OSWEGO, NY – After a five-year absence from the school board, Fran Hoefer picked up Wednesday night right where he left off.
Hoefer voted no for several extra-compensatory positions, salary adjustments for two administrators and the reappointment of the district’s attorney.
He also proposed money-savings ideas for the district.
Hoefer and newcomer Tom DeCastro took the oath of office during a 30-minute reorganizational meeting.
Sam Tripp was named board president for the coming term and Jim Tschudy was named vice president.
During the regular meeting, the board voted 4-3 to approve the raises for Assistant Superintendent for Curriculum and Instruction Cathy Chamberlain and Assistant Superintendent for Business Pete Colucci.
Tripp and board members John Dunsmoor and Hoefer voted no.
Tschudy and board members Dave White, Sean Madden, and DeCastro voted yes.
The raises bring Chamberlain’s salary to $104,681 (from $101,632) and Colucci’s salary to $101,713 (from $98,750).
“We’re being nice guys by giving 3 percent. It’s a nice thing, it really is. But, we’ve got to stop being quite so nice and quite so generous with other people’s money,” Hoefer said.
“Nothing against Pete or Cathy. They’re both doing a great job, but Pete has told us that next year we’re going to be facing a $7 million deficit in our budget,” Tripp said. “I think now is the time to start working toward that $7 million deficit.”
“We’re giving raises, cutting workloads, making things easier for everybody and our kids are failing. One in three is not making it through the system. We’re paying more and getting less,” Hoefer said. “Our kids are being failed by this district. First off, we need to get our teachers to earn the paychecks we’re paying them.”
They need to have more time on task, he said, adding they don’t spend enough time in the classroom.
“Let’s go to a seven period day. We can extend the class day and get five hours out of them, and we don’t have to negotiate that. It’s an immediate solution to a problem; we’re getting our money’s worth, at least to a larger degree. We don’t have to negotiate with a bunch of junk yard dogs to do it,” Hoefer said.
“Time out, none of that!” White interrupted. “C’mon, none of that.”
“Let me finish,” Hoefer replied.
“I don’t mind you finishing. But, you don’t need to call people junk yard dogs,” White pointed out.
More time on task would go a long way to improve the economic situation of the area, Hoefer said, “So we don’t have a crumbling community under a failing school district.”
If they can cut the tax levy it would bring businesses and homeowners back to the district, according to Hoefer.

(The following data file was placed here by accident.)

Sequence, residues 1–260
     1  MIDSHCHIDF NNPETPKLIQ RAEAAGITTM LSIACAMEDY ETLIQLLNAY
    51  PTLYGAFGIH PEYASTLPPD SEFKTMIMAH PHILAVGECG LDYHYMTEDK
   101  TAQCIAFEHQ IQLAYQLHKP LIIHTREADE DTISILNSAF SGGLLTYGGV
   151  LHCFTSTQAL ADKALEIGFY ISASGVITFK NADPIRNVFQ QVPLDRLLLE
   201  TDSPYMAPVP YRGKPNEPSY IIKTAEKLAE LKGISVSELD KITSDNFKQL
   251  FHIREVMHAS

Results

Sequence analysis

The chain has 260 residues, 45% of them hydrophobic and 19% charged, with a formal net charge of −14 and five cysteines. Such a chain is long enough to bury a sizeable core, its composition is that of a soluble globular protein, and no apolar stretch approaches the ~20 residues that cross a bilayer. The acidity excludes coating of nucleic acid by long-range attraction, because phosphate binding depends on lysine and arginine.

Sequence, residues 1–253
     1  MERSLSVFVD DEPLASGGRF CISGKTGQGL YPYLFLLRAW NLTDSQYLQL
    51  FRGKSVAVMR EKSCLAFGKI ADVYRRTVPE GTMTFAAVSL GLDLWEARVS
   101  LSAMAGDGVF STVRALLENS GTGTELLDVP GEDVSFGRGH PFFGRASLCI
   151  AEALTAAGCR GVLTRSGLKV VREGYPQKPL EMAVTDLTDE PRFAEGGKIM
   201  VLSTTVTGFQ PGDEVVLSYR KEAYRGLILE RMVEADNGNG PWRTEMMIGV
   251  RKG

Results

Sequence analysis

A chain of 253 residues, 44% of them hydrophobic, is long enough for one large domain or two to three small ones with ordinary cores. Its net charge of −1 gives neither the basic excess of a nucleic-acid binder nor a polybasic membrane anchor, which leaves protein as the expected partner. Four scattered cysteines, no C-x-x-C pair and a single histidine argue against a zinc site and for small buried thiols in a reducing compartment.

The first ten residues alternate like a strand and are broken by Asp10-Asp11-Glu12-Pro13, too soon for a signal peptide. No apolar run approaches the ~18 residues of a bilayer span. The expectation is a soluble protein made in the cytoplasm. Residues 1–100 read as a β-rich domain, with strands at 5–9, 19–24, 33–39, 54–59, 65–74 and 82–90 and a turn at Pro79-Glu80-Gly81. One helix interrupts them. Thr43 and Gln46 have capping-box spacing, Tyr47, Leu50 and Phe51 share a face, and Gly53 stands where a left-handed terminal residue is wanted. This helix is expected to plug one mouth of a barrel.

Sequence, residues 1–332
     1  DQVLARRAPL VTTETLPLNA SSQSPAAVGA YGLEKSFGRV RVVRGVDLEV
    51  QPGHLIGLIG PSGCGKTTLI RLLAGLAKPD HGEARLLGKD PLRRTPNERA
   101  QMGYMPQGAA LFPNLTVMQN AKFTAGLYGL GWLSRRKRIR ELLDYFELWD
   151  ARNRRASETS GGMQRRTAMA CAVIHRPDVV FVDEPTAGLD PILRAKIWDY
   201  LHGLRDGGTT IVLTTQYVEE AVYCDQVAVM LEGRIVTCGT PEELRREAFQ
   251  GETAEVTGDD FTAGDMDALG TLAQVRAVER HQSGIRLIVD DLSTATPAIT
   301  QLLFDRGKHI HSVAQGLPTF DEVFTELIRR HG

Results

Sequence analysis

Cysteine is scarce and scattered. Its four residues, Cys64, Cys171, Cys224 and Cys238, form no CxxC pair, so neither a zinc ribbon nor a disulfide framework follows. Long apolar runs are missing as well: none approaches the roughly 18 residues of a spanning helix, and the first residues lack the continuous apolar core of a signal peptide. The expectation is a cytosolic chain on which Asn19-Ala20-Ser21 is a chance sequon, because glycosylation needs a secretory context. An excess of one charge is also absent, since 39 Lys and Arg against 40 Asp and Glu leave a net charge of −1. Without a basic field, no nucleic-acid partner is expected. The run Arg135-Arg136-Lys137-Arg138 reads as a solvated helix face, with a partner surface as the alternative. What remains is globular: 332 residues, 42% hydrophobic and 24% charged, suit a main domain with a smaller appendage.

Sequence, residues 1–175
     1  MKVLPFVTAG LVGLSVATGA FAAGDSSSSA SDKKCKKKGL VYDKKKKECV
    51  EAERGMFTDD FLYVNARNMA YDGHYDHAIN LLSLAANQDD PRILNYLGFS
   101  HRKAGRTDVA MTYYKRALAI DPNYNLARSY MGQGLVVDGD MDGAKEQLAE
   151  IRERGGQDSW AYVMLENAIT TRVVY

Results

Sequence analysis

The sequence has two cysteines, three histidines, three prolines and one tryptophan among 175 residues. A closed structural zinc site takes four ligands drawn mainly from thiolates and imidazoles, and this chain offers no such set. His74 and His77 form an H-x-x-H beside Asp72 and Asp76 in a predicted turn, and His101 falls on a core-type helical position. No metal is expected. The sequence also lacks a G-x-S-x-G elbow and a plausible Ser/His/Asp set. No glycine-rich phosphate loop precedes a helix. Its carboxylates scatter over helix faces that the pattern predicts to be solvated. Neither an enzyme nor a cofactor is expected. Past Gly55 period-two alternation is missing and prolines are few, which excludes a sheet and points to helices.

Tripp pointed out that the district has been working on that for a long time.
“We’ve talked about it for the last six, seven months,” he said. “Hopefully, we’re moving forward. We’re concerned about the graduation rate, too.
Dunsmoor noted that winning sports teams help instill school spirit, using the past football season as an example. The athletic field, he added, is in need of repair.
“I totally agree with you, Fran,” Dunsmoor said. “I think what Oswego’s lost is our winning edge. We need to respect the things that we have and appreciate the things we have and make them all better and don’t settle for less. And that does take some money in certain things, but you get it back tenfold.”
“You have to feel good about what you do in this world. It just doesn’t come overnight, it doesn’t come easy,” Dunsmoor continued. “These kids need a kick in the butt. And sometimes, other people, too. We need to go back to a little bit of old fashioned tough love.”
There isn’t money for the football field, Hoefer said, because it was spent on “team leaders that we don’t need.”
Superintendent Bill Crist noted that the possibility of more periods during the day has been discussed.
“It’s going to take some time. It’s going to take some time to evolve into that,” he said.
The district’s graduation rate (67 percent) and dropout rate is an embarrassment, Crist admits.
“We’re adding counselors, we’re adding social workers, school psychologists. We’re adding people because we know, we found kids dropping through the cracks,” Crist said. “We are doing something to fix those kids, we are filling in those cracks.”
The students who get their GEDs or take five years to graduate aren’t considered to have graduated, according to state figures, the superintendent pointed out. Yet, many of those kids have gone on to college, he added.
“We are making gains. We’re not making them at the speed that I’m satisfied with and it’s nice to hear that not anyone here is satisfied (with the numbers). This is a district-wide problem. This is not a high school problem,” Crist said.
The district has been showing constant and steady gains on the grades 3 – 8 state test results, Crist noted.
“I appreciate what’s happening here. I appreciate the discussion that is happening here. I have got to be honest with you; it is like moving the Titanic. We’re all pulling the same rope and that ship moves slowly. I’m frustrated by it, just like everybody else,” the superintendent said.